Vishva Hindu Parishad
Logo of the V.H.P, depicting a Banyan tree and the slogan dharmo rakṣati rakṣitaḥ
AbbreviationVHP
Formation29 August 1964; 57 years ago (29 August 1964)[1]
Founder
TypeRight-wing
PurposeHindu nationalism and Hindutva
HeadquartersNew Delhi, India
Coordinates28°20′N 77°06′E / 28.33°N 77.10°E / 28.33; 77.10Coordinates: 28°20′N 77°06′E / 28.33°N 77.10°E / 28.33; 77.10
Region served
India
Membership
6.8 million[2]
Official language
Hindi
International President
Vishnu Sadashiv Kokje
International Working President
Alok Kumar Advocate
Subsidiaries
AffiliationsSangh Parivar
Websitevhp.org

The Vishva Hindu Parishad (VHP) (transl.Universal Hindu Council) is an Indian right-wing Hindu organization based on Hindu nationalism.[3] The VHP was founded in 1964 by M. S. Golwalkar and S. S. Apte in collaboration with Swami Chinmayananda. Its stated objective is "to organise, consolidate the Hindu society and to serve and protect the Hindu Dharma".[1] It was established to construct and renovate Hindu temples, and deal with matters of cow slaughter and religious conversion.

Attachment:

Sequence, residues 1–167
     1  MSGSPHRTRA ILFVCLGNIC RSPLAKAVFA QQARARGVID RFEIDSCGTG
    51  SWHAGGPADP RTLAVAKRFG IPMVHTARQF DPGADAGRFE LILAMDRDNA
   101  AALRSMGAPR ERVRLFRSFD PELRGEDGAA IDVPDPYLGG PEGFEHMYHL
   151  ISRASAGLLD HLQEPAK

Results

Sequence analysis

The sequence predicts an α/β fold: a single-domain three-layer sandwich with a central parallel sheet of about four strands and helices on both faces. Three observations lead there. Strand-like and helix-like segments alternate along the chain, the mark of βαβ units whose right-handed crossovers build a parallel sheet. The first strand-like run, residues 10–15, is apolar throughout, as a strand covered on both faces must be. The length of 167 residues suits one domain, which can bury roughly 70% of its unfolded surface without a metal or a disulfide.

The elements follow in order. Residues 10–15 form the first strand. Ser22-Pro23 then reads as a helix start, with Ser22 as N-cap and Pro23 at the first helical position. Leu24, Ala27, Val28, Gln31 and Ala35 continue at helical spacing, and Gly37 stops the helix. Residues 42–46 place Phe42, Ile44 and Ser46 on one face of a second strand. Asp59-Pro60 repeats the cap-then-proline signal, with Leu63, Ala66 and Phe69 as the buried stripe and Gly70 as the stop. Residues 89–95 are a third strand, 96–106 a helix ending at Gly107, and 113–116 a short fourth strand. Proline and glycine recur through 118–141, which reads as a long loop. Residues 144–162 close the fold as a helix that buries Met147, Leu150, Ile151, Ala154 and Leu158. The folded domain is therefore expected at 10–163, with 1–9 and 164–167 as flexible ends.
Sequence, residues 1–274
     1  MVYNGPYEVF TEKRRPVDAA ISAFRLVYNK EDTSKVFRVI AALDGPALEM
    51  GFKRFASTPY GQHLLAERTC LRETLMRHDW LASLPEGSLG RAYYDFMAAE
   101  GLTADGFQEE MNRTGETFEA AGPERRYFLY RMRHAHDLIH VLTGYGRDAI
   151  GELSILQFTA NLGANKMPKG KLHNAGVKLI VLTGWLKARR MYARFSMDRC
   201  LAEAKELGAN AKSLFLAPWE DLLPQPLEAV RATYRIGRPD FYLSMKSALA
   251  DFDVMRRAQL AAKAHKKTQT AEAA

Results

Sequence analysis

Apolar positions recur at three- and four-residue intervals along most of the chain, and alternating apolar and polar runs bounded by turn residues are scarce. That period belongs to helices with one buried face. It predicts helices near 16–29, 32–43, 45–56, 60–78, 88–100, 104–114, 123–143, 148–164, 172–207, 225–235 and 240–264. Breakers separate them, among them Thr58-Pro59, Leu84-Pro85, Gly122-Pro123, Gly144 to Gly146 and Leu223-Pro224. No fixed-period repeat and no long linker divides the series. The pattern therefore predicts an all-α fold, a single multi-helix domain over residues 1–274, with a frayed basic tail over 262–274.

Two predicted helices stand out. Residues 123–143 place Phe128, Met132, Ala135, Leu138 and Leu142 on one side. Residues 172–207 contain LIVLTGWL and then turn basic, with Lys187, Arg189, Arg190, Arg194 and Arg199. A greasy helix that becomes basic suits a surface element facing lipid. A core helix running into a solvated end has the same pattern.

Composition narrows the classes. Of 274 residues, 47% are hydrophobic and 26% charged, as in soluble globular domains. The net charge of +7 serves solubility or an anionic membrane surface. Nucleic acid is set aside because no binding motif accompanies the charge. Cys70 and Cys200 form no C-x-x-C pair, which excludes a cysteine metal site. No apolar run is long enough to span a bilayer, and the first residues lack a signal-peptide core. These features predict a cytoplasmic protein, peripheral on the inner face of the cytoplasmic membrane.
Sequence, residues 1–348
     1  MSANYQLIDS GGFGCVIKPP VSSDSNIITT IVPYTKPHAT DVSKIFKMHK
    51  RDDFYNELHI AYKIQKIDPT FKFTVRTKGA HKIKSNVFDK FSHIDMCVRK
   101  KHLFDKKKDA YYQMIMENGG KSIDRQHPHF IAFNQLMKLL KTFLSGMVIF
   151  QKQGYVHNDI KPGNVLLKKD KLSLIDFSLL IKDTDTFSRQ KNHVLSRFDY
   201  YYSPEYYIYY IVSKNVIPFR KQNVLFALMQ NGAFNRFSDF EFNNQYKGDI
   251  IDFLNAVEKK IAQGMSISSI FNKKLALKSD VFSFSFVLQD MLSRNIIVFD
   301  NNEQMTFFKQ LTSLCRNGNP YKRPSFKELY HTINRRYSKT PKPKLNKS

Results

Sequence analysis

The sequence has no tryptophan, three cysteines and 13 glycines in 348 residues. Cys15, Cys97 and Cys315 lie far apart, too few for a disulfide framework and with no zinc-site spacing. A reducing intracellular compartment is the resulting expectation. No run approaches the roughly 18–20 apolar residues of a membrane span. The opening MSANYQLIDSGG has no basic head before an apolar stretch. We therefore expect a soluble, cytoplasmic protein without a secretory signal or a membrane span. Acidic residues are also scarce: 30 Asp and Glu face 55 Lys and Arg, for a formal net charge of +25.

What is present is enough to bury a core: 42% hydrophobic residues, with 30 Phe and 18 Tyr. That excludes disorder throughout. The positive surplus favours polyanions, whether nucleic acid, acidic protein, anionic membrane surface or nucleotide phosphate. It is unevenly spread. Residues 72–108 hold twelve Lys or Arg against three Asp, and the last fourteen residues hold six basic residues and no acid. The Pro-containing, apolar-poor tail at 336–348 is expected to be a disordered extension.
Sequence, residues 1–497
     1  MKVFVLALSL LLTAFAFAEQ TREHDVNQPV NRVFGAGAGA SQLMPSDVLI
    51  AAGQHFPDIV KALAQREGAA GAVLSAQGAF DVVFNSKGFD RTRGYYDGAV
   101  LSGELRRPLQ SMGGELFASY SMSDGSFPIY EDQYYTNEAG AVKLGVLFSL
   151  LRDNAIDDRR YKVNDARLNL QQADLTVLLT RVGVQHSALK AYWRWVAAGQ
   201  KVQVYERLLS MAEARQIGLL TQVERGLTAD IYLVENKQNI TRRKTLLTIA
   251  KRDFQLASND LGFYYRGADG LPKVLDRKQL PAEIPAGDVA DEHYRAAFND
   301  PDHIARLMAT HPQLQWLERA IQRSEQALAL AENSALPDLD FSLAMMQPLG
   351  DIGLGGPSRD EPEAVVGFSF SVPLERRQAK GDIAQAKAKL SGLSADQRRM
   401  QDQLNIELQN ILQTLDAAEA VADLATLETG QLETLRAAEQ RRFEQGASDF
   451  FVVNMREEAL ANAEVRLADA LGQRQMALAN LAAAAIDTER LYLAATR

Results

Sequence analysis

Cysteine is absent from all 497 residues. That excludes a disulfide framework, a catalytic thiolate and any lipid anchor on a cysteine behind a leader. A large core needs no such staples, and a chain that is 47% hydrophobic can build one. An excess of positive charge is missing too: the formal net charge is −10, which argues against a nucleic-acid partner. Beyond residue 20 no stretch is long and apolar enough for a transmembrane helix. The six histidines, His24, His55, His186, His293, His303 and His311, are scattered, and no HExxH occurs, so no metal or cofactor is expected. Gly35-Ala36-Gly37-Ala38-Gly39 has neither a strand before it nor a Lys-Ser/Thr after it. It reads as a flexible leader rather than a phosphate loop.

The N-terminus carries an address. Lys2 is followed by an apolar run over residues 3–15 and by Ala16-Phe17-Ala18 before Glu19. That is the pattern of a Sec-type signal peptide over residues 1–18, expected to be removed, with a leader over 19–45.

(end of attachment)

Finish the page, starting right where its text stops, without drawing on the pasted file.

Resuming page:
The VHP has been criticized for contributing to violence against Muslims in India, most notably for its role in the demolition of the Babri Masjid in 1992 over the Ayodhya dispute.[4][5] The VHP is considered a member of the Sangh Parivar group,[6][7] an umbrella term for Hindu nationalist organisations led by the RSS.[8]

History

The VHP was founded in 1964 by RSS leaders M. S. Golwalkar and S. S. Apte in collaboration with the Hindu spiritual leader Chinmayananda Saraswati.[9][10] According to Chinmayananda, the objective of the VHP was to awaken Hindus to their place in the comity of nations.[11]

Chinmayananda was nominated as its founding President, while Apte was nominated as its founding General Secretary. It was decided at the meeting that the name of the proposed organization would be "Vishva Hindu Parishad" and that a world convention of Hindus was to be held at Prayag (Allahabad) during the Kumbh Mela of 1966 for its launch. It was further decided that it would be a non-political organisation and that no office bearer of any political party shall be simultaneously an office bearer in the Parishad.[12] The delegation of the founders also included Bharatiya Vidya Bhavan founder K. M. Munshi, Gujarati scholar Keshavram Kashiram Shastri, Sikh leader Tara Singh, Namdhari Sikh leader Satguru Jagjit Singh and eminent politicians such as C. P. Ramaswami Iyer.[13][12]

In the mid 1990s, VHP had 1.6 million members worldwide.[14] According to a 2008 estimate, VHP claimed 6.8 million members.[2]

Ideology